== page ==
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Addressing our inequality problem

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From page A14 | January 27, 2013 | Leave Comment

One of the features of the Obama years is that we get to witness an enormous race, which you might call the race between meritocracy and government. On the one side, there is the meritocracy, which widens inequality. On the other side, there is President Obama’s team of progressives, who are trying to mitigate inequality. The big question is: Which side is winning?

First, there is our system of higher education, which is like a giant vacuum cleaner that sucks up some of the smartest people from across the country and concentrates them in a few privileged places.

Smart high school students from rural Nebraska, small-town Ohio and urban Newark get to go to good universities. When they get there they often find a culture shock.

They’ve been raised in an atmosphere of social equality and now find themselves in a culture that emphasizes the relentless quest for distinction — to be more accomplished, more enlightened and more cutting-edge. They may have been raised in a culture that emphasizes roots, but they go into a culture that emphasizes mobility — a multicultural cosmopolitanism that encourages you to go anywhere on your quest for self-fulfillment. They may have been raised among people who enter the rooms of the mighty with the nerves of a stranger, but they are now around people who enter the highest places with the confident sense they belong.

But the system works. In the dorms, classrooms, summer internships and early jobs they learn how to behave the way successful people do in the highly educated hubs. There’s no economic reason to return home, and maybe it’s not even socially possible anymore.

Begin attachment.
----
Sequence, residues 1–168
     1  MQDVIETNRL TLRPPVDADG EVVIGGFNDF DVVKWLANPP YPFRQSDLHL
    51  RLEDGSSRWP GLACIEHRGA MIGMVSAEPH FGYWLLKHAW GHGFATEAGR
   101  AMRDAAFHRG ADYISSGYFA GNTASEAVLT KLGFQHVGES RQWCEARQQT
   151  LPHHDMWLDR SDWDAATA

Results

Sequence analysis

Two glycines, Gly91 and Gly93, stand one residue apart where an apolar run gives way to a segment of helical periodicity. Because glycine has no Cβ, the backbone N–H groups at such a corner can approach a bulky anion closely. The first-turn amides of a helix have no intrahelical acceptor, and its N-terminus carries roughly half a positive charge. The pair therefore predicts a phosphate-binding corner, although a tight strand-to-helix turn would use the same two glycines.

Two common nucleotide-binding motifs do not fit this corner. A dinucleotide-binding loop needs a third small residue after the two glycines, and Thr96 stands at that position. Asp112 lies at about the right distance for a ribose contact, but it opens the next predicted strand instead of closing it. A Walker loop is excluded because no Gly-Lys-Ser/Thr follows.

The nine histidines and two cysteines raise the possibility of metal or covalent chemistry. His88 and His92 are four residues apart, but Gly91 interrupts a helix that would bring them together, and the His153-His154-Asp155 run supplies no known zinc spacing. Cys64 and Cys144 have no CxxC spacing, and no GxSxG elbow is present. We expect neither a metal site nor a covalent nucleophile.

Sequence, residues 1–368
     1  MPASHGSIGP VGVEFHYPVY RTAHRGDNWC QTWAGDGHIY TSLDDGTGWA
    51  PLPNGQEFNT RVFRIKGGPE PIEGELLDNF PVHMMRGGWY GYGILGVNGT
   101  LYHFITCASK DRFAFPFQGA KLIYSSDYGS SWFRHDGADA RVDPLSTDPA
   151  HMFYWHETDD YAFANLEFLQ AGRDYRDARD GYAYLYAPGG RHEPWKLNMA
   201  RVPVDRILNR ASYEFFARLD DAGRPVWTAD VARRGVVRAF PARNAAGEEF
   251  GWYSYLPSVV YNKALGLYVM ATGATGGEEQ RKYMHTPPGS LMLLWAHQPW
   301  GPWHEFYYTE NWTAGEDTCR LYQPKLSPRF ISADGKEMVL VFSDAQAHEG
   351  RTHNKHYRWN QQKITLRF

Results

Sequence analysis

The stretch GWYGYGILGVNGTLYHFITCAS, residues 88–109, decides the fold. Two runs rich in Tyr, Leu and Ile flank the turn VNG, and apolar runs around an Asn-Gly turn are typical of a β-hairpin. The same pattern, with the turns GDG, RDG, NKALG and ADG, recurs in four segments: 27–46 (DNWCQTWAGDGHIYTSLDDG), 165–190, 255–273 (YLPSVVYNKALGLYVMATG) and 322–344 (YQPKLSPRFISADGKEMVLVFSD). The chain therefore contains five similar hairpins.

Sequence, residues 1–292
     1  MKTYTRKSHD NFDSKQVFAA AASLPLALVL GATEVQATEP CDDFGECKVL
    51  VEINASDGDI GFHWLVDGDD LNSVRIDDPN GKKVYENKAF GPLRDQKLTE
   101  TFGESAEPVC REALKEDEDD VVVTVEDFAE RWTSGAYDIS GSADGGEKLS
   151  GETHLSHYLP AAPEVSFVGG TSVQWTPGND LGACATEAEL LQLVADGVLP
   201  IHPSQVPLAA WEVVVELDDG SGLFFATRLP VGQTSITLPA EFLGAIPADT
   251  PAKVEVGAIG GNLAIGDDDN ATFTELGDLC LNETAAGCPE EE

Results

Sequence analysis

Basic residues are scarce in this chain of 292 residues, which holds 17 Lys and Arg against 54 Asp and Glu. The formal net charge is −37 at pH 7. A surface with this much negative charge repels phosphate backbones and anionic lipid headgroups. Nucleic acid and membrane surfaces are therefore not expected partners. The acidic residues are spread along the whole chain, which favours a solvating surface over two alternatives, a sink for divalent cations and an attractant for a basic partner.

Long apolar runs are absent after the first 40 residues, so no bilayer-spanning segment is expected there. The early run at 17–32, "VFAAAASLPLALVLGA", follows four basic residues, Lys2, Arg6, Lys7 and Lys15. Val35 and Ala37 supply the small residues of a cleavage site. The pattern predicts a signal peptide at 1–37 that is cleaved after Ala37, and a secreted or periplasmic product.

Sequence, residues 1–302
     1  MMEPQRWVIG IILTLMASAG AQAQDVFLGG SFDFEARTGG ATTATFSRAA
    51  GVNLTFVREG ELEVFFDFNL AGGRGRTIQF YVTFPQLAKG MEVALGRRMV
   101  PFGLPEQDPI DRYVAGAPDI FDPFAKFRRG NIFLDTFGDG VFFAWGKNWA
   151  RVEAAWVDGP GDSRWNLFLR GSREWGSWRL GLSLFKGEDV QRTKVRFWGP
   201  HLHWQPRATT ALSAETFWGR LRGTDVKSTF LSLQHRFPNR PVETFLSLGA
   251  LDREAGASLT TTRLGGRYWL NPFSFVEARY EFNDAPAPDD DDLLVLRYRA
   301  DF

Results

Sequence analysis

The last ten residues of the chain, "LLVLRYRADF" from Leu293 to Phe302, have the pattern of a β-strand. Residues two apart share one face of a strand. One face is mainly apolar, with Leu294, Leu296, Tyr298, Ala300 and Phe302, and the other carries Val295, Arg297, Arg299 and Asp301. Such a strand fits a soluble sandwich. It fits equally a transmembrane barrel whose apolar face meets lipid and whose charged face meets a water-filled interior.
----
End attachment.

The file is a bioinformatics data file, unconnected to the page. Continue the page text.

The highly educated cluster around a few small nodes. Decade after decade, smart and educated people flock away from Merced; Yuma, Ariz.; Flint, Mich.; and Vineland, N.J. In those places, less than 15 percent of the residents have college degrees. They flock to Washington, Boston, San Jose, Raleigh-Durham and San Francisco. In those places, nearly 50 percent of the residents have college degrees.

As Enrico Moretti writes in “The New Geography of Jobs,” the magnet places have positive ecologies that multiply innovation, creativity and wealth. The abandoned places have negative ecologies and fall further behind.

This sorting is self-reinforcing, and it seems to grow more unforgiving every year. One small study caught my eye. Robert Oprisko of Butler University found that half of the jobs in university political science programs went to graduates of the top 11 schools. That is to say, if you have a Ph.D. from Harvard, Stanford, Princeton and so on, your odds of getting a job are very good. If you earned your degree from one of the other 100 degree-granting universities, your odds are not. These other 100 schools don’t even want to hire the sort of graduates they themselves produce. They want the elite credential.

Barack Obama (Occidental, Columbia, Harvard) benefited from this sorting system. So did his wife (Princeton, Harvard). So did most people in his administration. So did many people who read The New York Times and many of us who write for it.

Members of the administration have worked reasonably hard to mitigate the inequality that their own rise has produced. They’ve worked reasonably hard to redistribute money from the rich people in the magnet areas to the poorer people in the flight areas. For example, the health care law increases taxes on the top 1 percent by about $20,000 per household. It increases benefits for the working class by between $400 and $800 per household. The recent tax increases will do more of the same.

The first problem with the effort is that it’s like shooting a water gun into a waterfall. The Obama measures, earned after a great deal of political pain, simply aren’t significant enough to counteract the underlying trends.

The second problem is the focus on income redistribution. Recently, there’s been far more talk about tax increases than any other subject. But the income disparities are a downstream effect of the human capital and geographic disparities. Pumping a few dollars into San Joaquin, Calif., where 2.9 percent of the residents have bachelor’s degrees and 20.6 percent have high school degrees, may ease suffering, but it won’t alter the dynamic.

The final problem is that, in an effort to reduce the economic concentration of power, the administration is concentrating political power in Washington. If the problem is that talent is fleeing blighted localities, it’s hard to see how you make that better if decision-making and resources are concentrated faraway in the nation’s capital.

This is not to make a partisan point. The Republicans do not have a better approach. It’s simply to say that the liberal agenda is not very good at addressing the inequality problem it seeks to solve. The meritocracy is overwhelming the liberal project.

— The New York Times

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